What has been surprising to me is how disturbed I have been as a relative of someone whose body was stolen. Unlike the recipients of diseased tissue, I have not been made physically ill. Walking around with a turned stomach is a far cry from learning you may have hepatitis or H.I.V. But the malaise I've contracted is one of sorrow and apprehension.
I've thought a lot about bodies over the last couple of months. I am not unfamiliar with dead bodies; I have watched autopsies, prayed over victims of fatal accidents, been in embalming rooms, funeral homes and emergency rooms and stood at many a graveside. I have counseled parishioners and families not to see our bodies as the core essence of who we are. Most of the time when I see a dead person, my reaction is: "Oh, not here anymore. Gone." I believe with all my heart that this is true. And though gone where, exactly, is less clear, gone to whom is pretty certain in my mind: gone to God.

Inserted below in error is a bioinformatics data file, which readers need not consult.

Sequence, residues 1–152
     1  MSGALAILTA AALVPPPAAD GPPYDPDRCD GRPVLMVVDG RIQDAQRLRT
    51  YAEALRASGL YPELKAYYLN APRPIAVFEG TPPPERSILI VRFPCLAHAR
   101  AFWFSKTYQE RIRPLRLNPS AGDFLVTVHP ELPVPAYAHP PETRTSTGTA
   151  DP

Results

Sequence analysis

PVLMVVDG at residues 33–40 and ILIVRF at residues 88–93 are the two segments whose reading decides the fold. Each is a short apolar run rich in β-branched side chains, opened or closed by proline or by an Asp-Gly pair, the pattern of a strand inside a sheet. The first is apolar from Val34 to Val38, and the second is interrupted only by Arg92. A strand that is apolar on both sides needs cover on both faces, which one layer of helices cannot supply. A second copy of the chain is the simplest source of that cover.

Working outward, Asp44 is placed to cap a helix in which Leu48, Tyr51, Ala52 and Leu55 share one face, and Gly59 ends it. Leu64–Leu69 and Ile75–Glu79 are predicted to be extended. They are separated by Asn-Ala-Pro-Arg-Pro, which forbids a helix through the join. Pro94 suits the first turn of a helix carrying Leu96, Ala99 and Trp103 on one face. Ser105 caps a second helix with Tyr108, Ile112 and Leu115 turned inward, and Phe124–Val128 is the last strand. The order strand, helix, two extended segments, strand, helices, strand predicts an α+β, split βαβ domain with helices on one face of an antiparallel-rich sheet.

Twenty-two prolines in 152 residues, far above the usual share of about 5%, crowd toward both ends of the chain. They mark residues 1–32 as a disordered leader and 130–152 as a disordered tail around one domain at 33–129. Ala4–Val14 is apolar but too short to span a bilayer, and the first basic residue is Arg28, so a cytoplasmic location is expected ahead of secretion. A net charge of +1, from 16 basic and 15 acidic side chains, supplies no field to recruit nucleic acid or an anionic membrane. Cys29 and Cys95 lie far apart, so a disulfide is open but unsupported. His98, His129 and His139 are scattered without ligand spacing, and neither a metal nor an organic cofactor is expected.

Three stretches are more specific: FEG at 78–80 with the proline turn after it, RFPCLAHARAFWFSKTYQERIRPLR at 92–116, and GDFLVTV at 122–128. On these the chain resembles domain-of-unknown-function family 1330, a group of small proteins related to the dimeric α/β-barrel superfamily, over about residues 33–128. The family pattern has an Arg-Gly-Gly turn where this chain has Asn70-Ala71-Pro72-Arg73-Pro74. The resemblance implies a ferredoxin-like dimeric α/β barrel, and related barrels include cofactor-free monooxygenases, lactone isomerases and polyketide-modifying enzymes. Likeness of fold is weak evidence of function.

The body we are left with is empty in the way that counts most. But we have loved that body in its particulars — perhaps the long fingers, the arch of the neck, the quirky smile, the strong arms, the face undone by tears.
Though we may say what we'd like done with our bodies when we die, the final decision rests with our next of kin. My father stated in his will that he wanted to be cremated and most of him, I guess, was. He was 95 years old, frail and ravaged by illness. After he died, my goal was to leave that picture behind. As anyone who has lost someone to an extended illness or a brutal accident knows, you try very hard to let go of the image of that person's final suffering and instead to remember the person as he or she really was. Usually, we manage this.